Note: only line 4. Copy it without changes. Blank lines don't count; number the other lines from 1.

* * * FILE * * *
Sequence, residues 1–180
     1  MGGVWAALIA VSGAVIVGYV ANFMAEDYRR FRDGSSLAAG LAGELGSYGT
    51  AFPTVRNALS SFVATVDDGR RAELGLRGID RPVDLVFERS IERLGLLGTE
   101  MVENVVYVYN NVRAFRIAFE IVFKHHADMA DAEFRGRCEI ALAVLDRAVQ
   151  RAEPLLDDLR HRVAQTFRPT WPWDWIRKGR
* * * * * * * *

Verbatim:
   101  MVENVVYVYN NVRAFRIAFE IVFKHHADMA DAEFRGRCEI ALAVLDRAVQ